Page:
A major case came to a successful conclusion for a group of landlords last week, when they won their case against a building society on appeal. The decision marked the end of a long fight that began when the West Bromwich Building Society increased the rates applied to tracker mortgages held by some of their customers. This occurred in December 2013. Some two-and-a-half years on, campaigner Mark Alexander, a major property investor, won the case he had taken to appeal along with 350 other landlords who were affected.
The building society decided to increase the interest rate applied to tracker mortgages back in December 2013. The bank rate – on which such interest rates should be calculated – had been sitting at 0.5% since the beginning of 2009. A tracker mortgage essentially tracks that rate, and despite the fact no change had occurred, they decided to increase the rate applied to the mortgages by nearly 2%. As a result, some borrowers suddenly found their mortgage payments had doubled.
Why did they change the rate?
A tracker mortgage tracks the base rate, and therefore if the base rate were to rise, so would the interest rate attached to a mortgage of this type. In reality, then, the building society should not have been able to raise the interest rate since the base rate had remained the same for several years.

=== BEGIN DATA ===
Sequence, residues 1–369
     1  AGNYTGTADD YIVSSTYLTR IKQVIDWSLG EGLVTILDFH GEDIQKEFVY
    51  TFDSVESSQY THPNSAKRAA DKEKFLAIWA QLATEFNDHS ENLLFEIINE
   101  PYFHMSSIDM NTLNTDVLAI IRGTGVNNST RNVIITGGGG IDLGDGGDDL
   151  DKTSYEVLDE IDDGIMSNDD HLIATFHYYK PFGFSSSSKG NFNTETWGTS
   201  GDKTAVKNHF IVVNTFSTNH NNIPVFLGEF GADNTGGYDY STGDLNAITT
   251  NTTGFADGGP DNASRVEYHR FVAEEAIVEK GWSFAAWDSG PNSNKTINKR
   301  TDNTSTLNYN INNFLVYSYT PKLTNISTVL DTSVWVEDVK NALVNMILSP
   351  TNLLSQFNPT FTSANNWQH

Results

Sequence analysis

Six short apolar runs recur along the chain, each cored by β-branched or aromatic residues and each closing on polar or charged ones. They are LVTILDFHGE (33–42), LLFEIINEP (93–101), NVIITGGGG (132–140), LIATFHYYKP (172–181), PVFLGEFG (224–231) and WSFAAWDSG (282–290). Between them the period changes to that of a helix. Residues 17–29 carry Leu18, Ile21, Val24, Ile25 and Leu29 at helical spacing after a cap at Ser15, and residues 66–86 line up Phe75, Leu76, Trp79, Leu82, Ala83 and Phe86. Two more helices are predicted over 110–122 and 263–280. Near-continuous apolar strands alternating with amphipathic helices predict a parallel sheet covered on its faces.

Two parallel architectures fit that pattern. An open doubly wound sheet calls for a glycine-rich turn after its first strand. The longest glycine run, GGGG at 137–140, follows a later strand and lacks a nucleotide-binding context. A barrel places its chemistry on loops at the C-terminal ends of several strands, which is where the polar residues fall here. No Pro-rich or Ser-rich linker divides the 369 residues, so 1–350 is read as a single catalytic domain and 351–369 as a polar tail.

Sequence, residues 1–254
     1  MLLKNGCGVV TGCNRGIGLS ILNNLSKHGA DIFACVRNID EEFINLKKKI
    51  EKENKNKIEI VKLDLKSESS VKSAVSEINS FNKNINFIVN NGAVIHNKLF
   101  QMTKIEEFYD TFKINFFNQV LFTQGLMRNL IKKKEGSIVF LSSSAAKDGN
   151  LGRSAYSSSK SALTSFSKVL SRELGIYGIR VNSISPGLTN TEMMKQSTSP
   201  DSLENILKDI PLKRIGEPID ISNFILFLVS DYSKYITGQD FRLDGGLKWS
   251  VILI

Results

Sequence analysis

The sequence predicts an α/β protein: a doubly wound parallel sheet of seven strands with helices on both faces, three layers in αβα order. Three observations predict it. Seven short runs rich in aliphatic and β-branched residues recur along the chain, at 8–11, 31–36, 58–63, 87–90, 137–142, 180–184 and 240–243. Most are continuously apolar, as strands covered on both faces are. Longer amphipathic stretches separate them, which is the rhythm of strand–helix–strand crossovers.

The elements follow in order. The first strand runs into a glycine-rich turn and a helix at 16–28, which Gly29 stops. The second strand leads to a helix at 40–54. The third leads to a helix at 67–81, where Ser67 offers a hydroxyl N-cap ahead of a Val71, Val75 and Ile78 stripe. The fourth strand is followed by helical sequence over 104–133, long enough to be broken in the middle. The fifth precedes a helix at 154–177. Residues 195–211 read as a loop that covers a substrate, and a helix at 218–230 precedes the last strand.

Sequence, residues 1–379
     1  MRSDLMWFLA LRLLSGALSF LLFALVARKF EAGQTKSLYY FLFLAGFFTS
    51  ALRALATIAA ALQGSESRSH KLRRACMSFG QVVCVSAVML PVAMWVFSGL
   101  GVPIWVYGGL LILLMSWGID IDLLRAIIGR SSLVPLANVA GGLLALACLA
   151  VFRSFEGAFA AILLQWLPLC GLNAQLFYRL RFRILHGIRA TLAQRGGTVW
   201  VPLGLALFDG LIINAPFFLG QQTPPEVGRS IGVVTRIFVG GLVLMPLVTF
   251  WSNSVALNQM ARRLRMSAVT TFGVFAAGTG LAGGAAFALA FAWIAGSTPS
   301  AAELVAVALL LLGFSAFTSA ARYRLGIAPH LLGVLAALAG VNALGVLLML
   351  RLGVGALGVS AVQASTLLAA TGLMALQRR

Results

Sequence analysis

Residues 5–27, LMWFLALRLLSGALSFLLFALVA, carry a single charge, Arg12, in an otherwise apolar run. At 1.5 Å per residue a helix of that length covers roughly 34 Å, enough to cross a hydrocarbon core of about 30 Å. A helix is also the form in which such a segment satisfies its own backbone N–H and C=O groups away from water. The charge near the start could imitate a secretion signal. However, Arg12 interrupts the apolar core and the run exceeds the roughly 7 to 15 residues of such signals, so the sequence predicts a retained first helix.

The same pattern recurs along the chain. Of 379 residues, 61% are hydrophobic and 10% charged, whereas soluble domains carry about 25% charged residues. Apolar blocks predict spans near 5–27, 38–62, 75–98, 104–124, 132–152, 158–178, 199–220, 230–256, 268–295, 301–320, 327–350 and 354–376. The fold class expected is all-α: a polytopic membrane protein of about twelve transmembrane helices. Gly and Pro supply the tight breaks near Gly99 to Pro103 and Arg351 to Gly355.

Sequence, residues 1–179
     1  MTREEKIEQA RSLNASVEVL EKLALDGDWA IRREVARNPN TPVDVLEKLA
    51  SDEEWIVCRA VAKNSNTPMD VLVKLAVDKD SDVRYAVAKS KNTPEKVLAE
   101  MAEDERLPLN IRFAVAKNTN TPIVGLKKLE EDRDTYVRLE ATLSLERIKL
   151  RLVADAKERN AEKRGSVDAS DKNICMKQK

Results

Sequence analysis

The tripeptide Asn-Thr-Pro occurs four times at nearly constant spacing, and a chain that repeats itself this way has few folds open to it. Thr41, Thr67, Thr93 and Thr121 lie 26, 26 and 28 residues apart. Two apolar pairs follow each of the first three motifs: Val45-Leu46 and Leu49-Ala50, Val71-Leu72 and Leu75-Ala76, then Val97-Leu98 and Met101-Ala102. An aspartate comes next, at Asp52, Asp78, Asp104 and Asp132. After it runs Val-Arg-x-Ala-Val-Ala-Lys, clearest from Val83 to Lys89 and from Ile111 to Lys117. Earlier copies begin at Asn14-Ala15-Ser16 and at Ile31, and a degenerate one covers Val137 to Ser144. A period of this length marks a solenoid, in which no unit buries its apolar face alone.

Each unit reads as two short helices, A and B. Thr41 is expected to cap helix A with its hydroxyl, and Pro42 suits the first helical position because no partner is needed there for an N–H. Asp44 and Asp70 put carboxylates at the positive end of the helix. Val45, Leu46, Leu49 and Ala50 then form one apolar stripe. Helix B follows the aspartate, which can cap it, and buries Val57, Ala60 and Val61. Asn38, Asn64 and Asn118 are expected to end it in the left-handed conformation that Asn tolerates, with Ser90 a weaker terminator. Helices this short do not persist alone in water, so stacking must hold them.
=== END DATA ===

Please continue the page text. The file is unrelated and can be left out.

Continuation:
However, the small print on the mortgages included a clause that allowed them to change the rate if it was necessary “to reflect market conditions”. This was the clause the building society argued allowed it to increase the interest rate.
Initially, the Commercial Court found in favour of West Bromwich Building Society because of that clause. However, the opposition was allowed to appeal and it did so, leading to the case reaching the Court of Appeal this month.
Needless to say, the building society is unhappy the case has been lost. However, those who brought the case are delighted the ruling was overturned on appeal. As a result of the case, the building society cannot now call in any of the loans affected, and cannot vary the interest rates applied to them. It also means the borrowers that were affected by the change will receive reimbursements. This is thought to amount to around 6,250 borrowers.
As the mortgages were taken out by landlords, some of those affected will receive reimbursements on more than one mortgage held with the society. In a statement, they said they had already allocated funds that would cover the payments if the case was found in favour of the landlords. They were keen to announce the society was still in a strong position from a financial point of view.
No doubt this case will make other lenders and borrowers sit up and take notice. This is particularly true of those with tracker mortgages, regardless of the terms and conditions in place for each of them.